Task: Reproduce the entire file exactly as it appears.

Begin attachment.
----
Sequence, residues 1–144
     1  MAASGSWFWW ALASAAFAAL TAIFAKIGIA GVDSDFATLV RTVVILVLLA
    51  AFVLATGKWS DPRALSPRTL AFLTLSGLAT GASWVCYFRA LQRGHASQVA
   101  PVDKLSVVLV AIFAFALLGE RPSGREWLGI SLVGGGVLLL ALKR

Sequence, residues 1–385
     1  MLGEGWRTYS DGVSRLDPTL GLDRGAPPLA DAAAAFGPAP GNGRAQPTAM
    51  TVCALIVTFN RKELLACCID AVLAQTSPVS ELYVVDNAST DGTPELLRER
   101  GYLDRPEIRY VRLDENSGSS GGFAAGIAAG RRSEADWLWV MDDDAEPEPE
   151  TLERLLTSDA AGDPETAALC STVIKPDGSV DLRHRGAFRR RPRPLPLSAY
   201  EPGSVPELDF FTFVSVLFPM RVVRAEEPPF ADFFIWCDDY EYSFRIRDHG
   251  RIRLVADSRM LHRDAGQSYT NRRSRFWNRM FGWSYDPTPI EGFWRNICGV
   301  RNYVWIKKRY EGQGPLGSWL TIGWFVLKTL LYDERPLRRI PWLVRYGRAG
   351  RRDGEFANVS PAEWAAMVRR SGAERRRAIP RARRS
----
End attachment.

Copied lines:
Sequence, residues 1–144
     1  MAASGSWFWW ALASAAFAAL TAIFAKIGIA GVDSDFATLV RTVVILVLLA
    51  AFVLATGKWS DPRALSPRTL AFLTLSGLAT GASWVCYFRA LQRGHASQVA
   101  PVDKLSVVLV AIFAFALLGE RPSGREWLGI SLVGGGVLLL ALKR

Sequence, residues 1–385
     1  MLGEGWRTYS DGVSRLDPTL GLDRGAPPLA DAAAAFGPAP GNGRAQPTAM
    51  TVCALIVTFN RKELLACCID AVLAQTSPVS ELYVVDNAST DGTPELLRER
   101  GYLDRPEIRY VRLDENSGSS GGFAAGIAAG RRSEADWLWV MDDDAEPEPE
   151  TLERLLTSDA AGDPETAALC STVIKPDGSV DLRHRGAFRR RPRPLPLSAY
   201  EPGSVPELDF FTFVSVLFPM RVVRAEEPPF ADFFIWCDDY EYSFRIRDHG
   251  RIRLVADSRM LHRDAGQSYT NRRSRFWNRM FGWSYDPTPI EGFWRNICGV
   301  RNYVWIKKRY EGQGPLGSWL TIGWFVLKTL LYDERPLRRI PWLVRYGRAG
   351  RRDGEFANVS PAEWAAMVRR SGAERRRAIP RARRS